Cladding ban announced by UK Government


Article update: the Welsh government will be enforcing a cladding ban which applies the same restrictions as in England. The below provides more information on what the ban includes and how it will affect buildings in the relevant regions.

The Government this week announced a ban on combustible cladding (I.e Euroclass B or lower) materials in non-loadbearing facade cladding systems. The ban relates to new buildings with floors above 18m and covers schools, residential (including hotels, boarding houses, hostels), hospitals, care homes and student accommodation.

The ban is expected to be implemented through the changes to Building Regulations in autumn this year.

In a surprise move, the Government stopped short of a retrospective ban on existing combustible cladding systems. Whilst this does not necessarily mean that existing properties are unsafe (there are many factors to ensuring that a building performs adequately in a fire), investors and occupiers will wish to obtain specialist advice particularly in relation to residential assets over 18m in height.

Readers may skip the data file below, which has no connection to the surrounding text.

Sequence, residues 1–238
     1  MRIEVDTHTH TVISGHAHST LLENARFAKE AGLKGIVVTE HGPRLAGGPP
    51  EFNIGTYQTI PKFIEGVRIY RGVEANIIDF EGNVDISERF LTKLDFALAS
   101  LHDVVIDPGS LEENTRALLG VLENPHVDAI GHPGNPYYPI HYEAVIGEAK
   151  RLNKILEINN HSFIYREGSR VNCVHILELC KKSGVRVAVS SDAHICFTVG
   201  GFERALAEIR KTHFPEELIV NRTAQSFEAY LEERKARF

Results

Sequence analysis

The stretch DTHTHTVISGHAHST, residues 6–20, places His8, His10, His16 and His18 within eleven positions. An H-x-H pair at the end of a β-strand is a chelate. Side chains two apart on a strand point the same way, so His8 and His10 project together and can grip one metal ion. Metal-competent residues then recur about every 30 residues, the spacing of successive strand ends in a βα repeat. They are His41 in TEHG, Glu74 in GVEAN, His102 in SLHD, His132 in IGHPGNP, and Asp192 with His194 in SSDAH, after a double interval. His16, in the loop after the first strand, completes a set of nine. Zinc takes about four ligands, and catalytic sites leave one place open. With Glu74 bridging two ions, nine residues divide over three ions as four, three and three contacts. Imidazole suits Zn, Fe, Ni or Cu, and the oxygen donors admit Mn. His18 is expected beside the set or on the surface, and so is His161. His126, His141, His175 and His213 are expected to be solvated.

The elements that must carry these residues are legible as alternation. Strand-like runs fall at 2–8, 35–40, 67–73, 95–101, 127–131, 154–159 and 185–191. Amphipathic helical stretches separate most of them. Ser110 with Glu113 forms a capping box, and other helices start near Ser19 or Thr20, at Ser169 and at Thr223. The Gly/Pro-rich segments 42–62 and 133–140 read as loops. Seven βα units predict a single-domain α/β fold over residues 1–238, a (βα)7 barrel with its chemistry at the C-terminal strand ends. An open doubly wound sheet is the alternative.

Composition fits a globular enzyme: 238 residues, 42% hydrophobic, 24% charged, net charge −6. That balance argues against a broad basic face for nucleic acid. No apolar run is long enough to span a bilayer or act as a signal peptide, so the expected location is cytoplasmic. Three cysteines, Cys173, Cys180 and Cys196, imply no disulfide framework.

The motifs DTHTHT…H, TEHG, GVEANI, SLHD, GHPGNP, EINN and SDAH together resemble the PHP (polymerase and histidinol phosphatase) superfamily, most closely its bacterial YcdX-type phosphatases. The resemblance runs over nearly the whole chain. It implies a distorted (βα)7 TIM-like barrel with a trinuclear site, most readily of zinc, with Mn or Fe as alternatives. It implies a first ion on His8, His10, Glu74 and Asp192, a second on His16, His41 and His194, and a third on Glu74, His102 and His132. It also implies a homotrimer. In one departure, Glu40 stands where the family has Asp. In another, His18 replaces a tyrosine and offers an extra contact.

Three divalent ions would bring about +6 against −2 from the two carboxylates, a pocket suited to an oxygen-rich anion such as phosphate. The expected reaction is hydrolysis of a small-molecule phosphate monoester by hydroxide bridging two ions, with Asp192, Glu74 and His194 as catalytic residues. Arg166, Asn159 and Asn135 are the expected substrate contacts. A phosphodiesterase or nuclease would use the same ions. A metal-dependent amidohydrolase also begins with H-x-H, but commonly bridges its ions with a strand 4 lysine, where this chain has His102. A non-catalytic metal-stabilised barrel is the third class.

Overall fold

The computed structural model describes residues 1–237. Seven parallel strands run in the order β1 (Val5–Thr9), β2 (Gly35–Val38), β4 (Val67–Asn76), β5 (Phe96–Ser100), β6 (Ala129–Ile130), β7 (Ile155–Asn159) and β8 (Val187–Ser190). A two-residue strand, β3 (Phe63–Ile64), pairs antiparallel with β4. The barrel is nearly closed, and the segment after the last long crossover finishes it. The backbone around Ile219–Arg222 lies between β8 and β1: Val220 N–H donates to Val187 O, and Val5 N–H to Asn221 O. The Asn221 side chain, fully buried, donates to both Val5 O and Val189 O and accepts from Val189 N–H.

Alan Pemberton, TFT Managing Partner says:

Although the government is implementing a ban on combustible cladding and insulation for residential buildings over 18m, this is not to be applied retrospectively, but where does this leave existing buildings or developments under construction? Potentially blighted and unsafe to occupy?

Not necessarily.

Existing occupied buildings must be fully assessed and evaluated by a suitable qualified person, not only in terms of life safety means of escape, but property protection for risk of fire ignition and spread. Buildings insurance will also be a determining factor with construction approved by insurers to ensure cover provision.

In our view, for buildings under construction and not yet complete, the industry has a duty to construct safe buildings (irrespective of whether works were in compliance yesterday or even today, not just when the ban came into force), especially based on the information now known regarding certain products and materials.

For more information, please contact Simon Young at